State Department calls Jamal Khashoggi’s death human rights violation

The State Department acknowledges Saudi Arabia’s killing of U.S. resident Jamal Khashoggi in its annual human rights report but makes no mention of Saudi Crown Prince Mohammed bin Salman in the section on his death. The Trump administration has long resisted implicating the crown prince in the murder, citing what it says is insufficient evidence. Initially, Saudi Arabia claimed Khashoggi, an outspoken critic of the Saudi government, left the consulate unharmed. At a press conference unveiling th


The State Department acknowledges Saudi Arabia’s killing of U.S. resident Jamal Khashoggi in its annual human rights report but makes no mention of Saudi Crown Prince Mohammed bin Salman in the section on his death. The Trump administration has long resisted implicating the crown prince in the murder, citing what it says is insufficient evidence. Initially, Saudi Arabia claimed Khashoggi, an outspoken critic of the Saudi government, left the consulate unharmed. At a press conference unveiling th
State Department calls Jamal Khashoggi’s death human rights violation Cached Page below :
Company: cnbc, Activity: cnbc, Date: 2019-03-13  Authors: ashley turner, kevin lamarque
Keywords: news, cnbc, companies, salman, arabia, involved, human, prince, department, state, jamal, khashoggis, death, calls, trump, rights, violation, saudi, report, crown


State Department calls Jamal Khashoggi's death human rights violation

The State Department acknowledges Saudi Arabia’s killing of U.S. resident Jamal Khashoggi in its annual human rights report but makes no mention of Saudi Crown Prince Mohammed bin Salman in the section on his death. That’s despite reports that the CIA determined the Saudi leader ordered Khashoggi’s assassination.

The Trump administration has long resisted implicating the crown prince in the murder, citing what it says is insufficient evidence.

While the report fails to connect the crown prince to Khashoggi’s death, it notes that Saudi Arabia’s King Salman “pledged to hold all individuals involved accountable, regardless of position or rank,” adding that several officials have been removed from their positions.

Khashoggi, who was a columnist for The Washington Post, was killed in October when he entered the Saudi consulate in Istanbul to pick up documents that would allow him to marry his Turkish fiancee.

Initially, Saudi Arabia claimed Khashoggi, an outspoken critic of the Saudi government, left the consulate unharmed. Days later, Turkish authorities released images of a 15-person “hit squad” from Saudi Arabia arriving at the consulate at the time of Khashoggi’s disappearance and later said he was killed by them.

Saudi Arabia has charged 11 people in the murder — the kingdom said it’s seeking the death penalty for five of those people — but the country has remained firm in its assertion that the crown prince was not involved in the plot.

At a press conference unveiling the report, Ambassador Michael Kozak said the U.S. has made it clear Khashoggi’s death was a “horrendous” and “horrific” act. Regarding the crown prince’s possible role in the killing, Kozak said the U.S. is committed to getting all the facts and that Saudi Arabia has not completed its own investigation.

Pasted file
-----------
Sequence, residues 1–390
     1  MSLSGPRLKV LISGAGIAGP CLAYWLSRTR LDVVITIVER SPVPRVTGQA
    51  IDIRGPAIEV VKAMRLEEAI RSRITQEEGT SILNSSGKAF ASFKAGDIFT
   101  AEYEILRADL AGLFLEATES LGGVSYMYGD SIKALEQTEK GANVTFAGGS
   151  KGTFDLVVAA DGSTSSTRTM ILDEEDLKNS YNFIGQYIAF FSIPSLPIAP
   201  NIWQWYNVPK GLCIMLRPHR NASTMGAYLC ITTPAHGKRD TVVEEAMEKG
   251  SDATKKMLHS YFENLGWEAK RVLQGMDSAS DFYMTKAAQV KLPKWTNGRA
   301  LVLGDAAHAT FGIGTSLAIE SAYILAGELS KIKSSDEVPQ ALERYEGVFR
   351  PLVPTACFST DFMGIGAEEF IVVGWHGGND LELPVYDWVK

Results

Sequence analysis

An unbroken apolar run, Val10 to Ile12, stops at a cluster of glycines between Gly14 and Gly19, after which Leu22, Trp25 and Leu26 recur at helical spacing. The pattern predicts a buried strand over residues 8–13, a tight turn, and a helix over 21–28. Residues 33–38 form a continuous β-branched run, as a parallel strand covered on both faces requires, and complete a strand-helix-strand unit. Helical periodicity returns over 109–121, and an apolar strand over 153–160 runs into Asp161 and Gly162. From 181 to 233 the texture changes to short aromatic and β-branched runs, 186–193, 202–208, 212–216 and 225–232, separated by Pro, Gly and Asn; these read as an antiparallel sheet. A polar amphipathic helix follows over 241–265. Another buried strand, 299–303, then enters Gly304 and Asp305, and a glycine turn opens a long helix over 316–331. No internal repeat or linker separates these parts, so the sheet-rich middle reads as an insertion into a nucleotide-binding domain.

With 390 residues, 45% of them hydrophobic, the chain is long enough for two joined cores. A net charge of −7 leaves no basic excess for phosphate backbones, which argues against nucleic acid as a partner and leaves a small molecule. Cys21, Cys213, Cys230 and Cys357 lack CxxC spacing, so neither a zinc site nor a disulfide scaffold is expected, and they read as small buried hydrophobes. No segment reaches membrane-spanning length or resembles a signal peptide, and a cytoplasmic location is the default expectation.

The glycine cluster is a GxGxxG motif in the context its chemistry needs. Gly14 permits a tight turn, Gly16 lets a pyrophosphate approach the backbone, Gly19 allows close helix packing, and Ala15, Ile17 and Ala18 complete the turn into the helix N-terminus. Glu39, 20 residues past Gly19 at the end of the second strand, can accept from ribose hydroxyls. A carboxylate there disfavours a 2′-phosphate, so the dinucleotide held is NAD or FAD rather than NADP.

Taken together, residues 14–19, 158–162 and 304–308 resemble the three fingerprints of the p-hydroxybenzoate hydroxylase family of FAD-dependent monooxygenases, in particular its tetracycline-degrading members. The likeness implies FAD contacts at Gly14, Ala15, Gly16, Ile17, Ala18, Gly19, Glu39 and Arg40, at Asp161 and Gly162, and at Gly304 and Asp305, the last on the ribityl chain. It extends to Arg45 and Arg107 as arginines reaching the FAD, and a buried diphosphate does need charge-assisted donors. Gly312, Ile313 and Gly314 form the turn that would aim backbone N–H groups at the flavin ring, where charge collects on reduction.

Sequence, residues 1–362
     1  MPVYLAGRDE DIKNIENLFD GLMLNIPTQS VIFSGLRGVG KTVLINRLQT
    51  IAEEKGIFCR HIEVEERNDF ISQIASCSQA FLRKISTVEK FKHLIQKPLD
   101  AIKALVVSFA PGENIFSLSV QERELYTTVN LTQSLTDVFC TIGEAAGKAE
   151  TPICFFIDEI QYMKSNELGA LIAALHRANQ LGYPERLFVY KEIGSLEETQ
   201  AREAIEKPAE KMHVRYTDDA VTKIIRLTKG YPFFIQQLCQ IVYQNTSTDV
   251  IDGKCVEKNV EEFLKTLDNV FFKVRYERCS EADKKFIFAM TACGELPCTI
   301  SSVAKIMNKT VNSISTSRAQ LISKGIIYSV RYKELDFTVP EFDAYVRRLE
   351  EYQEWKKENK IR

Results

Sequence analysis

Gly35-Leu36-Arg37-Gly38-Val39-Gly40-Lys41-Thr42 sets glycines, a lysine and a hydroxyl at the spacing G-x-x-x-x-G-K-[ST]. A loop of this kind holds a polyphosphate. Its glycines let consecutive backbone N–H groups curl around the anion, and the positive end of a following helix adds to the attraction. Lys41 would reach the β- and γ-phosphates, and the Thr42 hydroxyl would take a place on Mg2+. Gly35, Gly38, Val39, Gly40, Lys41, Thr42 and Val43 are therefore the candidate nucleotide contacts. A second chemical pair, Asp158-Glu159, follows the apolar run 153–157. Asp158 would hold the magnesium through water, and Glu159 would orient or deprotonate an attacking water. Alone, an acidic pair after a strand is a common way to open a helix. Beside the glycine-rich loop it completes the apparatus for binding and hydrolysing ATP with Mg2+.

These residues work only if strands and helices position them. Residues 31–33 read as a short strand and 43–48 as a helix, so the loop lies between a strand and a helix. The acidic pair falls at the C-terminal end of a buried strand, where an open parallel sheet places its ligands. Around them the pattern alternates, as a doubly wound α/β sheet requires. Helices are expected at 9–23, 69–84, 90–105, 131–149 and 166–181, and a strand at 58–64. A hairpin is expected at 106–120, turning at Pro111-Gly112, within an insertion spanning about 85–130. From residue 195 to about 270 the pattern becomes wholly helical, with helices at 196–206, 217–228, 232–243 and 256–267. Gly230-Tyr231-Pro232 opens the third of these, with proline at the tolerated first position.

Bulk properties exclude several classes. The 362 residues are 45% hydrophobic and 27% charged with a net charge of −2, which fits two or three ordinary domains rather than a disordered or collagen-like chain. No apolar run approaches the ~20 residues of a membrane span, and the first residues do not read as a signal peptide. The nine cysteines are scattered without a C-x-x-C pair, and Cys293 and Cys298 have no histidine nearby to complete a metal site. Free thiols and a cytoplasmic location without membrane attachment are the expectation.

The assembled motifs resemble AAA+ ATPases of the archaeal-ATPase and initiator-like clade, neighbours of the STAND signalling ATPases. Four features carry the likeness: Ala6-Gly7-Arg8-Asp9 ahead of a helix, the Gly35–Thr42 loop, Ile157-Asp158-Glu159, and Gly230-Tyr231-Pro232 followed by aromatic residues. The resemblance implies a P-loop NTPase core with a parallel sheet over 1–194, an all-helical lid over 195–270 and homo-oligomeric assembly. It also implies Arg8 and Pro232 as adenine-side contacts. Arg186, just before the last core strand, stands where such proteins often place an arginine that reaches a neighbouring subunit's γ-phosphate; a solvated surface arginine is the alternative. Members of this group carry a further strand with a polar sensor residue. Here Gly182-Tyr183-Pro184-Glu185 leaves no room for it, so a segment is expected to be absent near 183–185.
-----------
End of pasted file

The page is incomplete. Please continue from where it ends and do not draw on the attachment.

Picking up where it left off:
“We’re going to hold the government of Saudi Arabia to its promise that it will do a thorough investigation and find all of the facts,” Kozak said. We “can all have our suspicions or our speculation as to where it may lead, but our effort has been to have where it comes out be fact-driven rather than opinion-driven.”

The U.S. sanctioned 17 people allegedly involved in the murder. Despite outcry from lawmakers demanding an answer from Trump on whether he believes Mohammed bin Salman was involved, Trump has cast doubt that the crown prince played a role.

“Maybe he did and maybe he didn’t!” Trump said.

The Saudis have denied the CIA allegations.

Trump said in November that he stood with Saudi Arabia because spoiling relations could negatively impact oil prices, the U.S.’ plan to counter Iran in the Middle East and a promise to buy U.S.-made arms. Secretary of State Mike Pompeo, however, told CNBC in January that oil prices would not affect America’s response to the Khashoggi killing.

The Saudi Arabian Embassy in Washington, D.C., did not immediately respond to CNBC’s requests for comment.


Company: cnbc, Activity: cnbc, Date: 2019-03-13  Authors: ashley turner, kevin lamarque
Keywords: news, cnbc, companies, salman, arabia, involved, human, prince, department, state, jamal, khashoggis, death, calls, trump, rights, violation, saudi, report, crown


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Huawei reportedly preparing to sue US government

China’s Huawei is preparing to file a lawsuit in the Eastern District of Texas to sue the United States government for banning federal agencies from using the company’s products, the New York Times reported on Monday, citing people familiar with the matter. The lawyers for Huawei’s Chief Financial Officer Meng Wanzhou sued the Canadian government, its border agency and federal police on Sunday, alleging their client was detained, searched and interrogated for three hours in violation of her cons